And to the people struggling to find resources to see a doctor and find relief, I see you and I wish there was more I could do to help.
A Gluten-Free Lifestyle does not look the same for everyone (even in the Celiac Community).
For all my fellow friends with Celiac, have you gotten this beautiful number before? “Oh you can totally eat this, my other friend with Celiac did”
So you read the ingredient label and go… “Yeah, I’m not eating that”. If this hasn’t happened to you, you’re lucky. This has happened to me so many times I can’t even count.
A huge reason behind why there is such a divide in the gluten-free community is because we fail to understand that everyone living gluten-free has different gluten-free standards. Every person diagnosed with celiac disease is going to have a slightly different gluten-free lifestyle than the next. The same goes for everyone else living gluten-free.
A gluten-free lifestyle is highly individualized. You can argue all you want that people living gluten-free for Celiac have increased needs etc. but even people living gluten-free for Celiac Disease require an individualized approach with individualized gluten exposure standards. It’s not just the NCGS community that has different standards, so do people with Celiac Disease.
The real problem is people expect a gluten-free lifestyle to look one way, and one way only, and that’s just not how it works.
Everyone living gluten-free (Celiac or not) has a different gluten-exposure tolerance level. Studies have found that people with Celiac Disease can experience intestinal damage at exposure between 10mg-100mg (though doctors often try to encourage people with celiac to stay below 10mg). People with Non-Celiac Gluten-Sensitivity can experience symptoms in that range of exposure as well.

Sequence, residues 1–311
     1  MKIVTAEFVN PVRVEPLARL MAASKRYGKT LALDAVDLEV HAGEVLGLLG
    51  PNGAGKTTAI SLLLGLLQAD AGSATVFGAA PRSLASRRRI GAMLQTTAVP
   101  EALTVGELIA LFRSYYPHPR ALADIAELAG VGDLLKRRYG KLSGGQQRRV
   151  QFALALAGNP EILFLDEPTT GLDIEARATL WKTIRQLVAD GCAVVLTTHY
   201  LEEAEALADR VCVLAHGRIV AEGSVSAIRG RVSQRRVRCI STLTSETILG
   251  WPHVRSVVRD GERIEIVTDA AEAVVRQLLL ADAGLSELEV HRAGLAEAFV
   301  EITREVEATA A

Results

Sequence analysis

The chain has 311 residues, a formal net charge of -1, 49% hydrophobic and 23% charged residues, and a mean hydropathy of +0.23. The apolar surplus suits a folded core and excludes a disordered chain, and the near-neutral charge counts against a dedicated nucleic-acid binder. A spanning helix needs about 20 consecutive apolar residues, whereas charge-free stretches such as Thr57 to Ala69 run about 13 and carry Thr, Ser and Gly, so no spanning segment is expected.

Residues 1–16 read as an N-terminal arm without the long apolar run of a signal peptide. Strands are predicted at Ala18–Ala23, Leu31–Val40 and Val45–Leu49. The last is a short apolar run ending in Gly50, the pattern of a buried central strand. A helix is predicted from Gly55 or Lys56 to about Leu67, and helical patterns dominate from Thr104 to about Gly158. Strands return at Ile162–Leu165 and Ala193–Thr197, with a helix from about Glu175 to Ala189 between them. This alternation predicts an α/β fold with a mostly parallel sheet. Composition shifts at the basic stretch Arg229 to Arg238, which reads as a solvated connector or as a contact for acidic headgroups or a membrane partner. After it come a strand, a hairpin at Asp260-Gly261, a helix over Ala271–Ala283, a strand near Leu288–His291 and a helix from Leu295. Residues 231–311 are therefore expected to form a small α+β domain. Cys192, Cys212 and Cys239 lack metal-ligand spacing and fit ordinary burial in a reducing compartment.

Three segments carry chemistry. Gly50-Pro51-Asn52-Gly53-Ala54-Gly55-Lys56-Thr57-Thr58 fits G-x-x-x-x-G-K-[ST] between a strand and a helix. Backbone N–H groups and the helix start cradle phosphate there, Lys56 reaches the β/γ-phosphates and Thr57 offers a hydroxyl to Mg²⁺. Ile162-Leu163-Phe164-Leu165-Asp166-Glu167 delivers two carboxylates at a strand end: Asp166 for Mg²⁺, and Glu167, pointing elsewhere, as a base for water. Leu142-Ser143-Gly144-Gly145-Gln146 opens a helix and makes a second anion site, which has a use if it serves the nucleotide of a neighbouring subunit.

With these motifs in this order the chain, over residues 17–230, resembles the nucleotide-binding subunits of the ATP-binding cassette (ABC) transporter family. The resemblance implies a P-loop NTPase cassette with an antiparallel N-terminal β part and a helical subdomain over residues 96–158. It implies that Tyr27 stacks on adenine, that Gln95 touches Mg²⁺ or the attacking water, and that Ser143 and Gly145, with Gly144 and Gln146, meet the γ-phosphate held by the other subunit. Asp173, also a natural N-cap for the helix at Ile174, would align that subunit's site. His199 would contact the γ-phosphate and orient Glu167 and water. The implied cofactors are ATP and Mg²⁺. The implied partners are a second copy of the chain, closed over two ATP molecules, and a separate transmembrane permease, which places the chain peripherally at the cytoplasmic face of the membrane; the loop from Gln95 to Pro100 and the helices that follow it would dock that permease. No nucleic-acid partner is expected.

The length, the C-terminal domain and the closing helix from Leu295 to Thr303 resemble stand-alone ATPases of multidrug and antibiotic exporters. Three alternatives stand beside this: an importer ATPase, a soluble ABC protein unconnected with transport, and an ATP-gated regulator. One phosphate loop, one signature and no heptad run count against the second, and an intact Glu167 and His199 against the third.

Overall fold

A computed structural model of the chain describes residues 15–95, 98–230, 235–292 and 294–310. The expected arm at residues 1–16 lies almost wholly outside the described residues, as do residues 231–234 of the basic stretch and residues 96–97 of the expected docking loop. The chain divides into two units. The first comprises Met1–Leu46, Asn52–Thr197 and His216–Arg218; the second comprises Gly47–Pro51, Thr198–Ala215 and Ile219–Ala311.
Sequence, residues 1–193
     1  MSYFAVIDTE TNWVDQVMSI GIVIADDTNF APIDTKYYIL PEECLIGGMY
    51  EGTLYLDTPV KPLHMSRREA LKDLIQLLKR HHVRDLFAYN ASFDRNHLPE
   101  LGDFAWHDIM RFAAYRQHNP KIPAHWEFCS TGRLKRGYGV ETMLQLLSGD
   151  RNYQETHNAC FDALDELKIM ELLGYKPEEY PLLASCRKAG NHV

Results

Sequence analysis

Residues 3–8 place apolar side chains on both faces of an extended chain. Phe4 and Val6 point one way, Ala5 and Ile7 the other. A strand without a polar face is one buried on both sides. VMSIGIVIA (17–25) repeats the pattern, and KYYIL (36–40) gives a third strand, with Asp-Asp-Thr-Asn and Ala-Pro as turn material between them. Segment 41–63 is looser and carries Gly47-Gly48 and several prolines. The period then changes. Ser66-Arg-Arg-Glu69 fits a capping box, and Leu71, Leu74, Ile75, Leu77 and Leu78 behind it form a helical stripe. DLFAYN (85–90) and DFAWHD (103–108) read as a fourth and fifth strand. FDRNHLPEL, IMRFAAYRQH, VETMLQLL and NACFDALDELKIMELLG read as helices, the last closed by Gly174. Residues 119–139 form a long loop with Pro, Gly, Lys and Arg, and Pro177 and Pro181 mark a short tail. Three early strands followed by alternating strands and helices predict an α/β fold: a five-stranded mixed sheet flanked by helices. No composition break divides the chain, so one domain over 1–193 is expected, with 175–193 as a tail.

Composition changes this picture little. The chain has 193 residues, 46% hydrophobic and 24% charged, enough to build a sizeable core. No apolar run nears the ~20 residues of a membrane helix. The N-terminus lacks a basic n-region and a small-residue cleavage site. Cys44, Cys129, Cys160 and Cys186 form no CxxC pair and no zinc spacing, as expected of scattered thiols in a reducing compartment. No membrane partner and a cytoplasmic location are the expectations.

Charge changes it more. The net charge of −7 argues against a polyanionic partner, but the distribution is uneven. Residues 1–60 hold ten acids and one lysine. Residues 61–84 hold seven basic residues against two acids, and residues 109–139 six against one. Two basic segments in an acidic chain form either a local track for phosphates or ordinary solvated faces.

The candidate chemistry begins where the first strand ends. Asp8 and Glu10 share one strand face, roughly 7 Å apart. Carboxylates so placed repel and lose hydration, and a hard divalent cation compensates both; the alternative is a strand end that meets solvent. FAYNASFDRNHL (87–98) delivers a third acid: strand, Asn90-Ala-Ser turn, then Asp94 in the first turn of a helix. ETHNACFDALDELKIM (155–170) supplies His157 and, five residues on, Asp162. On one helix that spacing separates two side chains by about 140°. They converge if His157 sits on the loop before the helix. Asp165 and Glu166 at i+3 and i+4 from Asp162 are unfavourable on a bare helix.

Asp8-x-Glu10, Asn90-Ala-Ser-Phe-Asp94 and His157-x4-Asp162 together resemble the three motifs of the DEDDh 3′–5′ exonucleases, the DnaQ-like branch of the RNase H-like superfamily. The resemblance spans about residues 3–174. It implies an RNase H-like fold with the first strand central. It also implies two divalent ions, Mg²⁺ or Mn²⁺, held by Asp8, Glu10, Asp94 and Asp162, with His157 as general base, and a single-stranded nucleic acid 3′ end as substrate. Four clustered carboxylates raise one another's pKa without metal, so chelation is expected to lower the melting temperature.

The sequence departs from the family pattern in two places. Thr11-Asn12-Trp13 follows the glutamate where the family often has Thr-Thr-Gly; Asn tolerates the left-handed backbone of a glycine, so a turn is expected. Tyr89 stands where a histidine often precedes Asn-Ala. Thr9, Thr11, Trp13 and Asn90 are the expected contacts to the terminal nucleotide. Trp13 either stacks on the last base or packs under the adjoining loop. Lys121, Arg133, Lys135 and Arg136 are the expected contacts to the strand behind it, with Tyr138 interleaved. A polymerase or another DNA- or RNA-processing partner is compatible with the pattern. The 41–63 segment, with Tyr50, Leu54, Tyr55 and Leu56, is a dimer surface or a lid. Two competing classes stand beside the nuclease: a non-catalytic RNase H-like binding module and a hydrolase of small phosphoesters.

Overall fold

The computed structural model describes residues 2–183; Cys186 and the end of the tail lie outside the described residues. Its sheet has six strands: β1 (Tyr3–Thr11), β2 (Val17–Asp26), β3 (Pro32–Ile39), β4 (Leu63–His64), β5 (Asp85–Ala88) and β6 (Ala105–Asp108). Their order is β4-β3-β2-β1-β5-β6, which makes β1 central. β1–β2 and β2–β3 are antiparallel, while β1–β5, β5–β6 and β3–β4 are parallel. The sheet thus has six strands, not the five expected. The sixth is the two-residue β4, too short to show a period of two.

People living gluten-free are coming from a variety of backgrounds. From living gluten-free for symptom management related to medical diagnoses, or living gluten-free because of NCGS, to following a gluten-free lifestyle because of Celiac Disease; we are all in this together.
Living gluten-free is isolating, restrictive, and difficult. Allowing parts of our community to struggle and go unsupported is hurting us all. Again, if we can’t support each other, how can we expect others to respect and support us?
When you have celiac disease, you have an autoimmune disease. This means your immune system isn’t operating appropriately. In the case of celiac disease, your immune system is being overactive and attacking things that don’t really pose a threat, thus causing damage. This overactivity, in …
Self-Care and Celiac Disease - Why It's Important + 15 ways to Practice it
Self-care and celiac disease go hand in hand. While self-care is important all of the time, it’s especially important with autoimmune disease like celiac.
Below we will talk about why self-care is important with celiac disease and how to practice it.
What is Celiac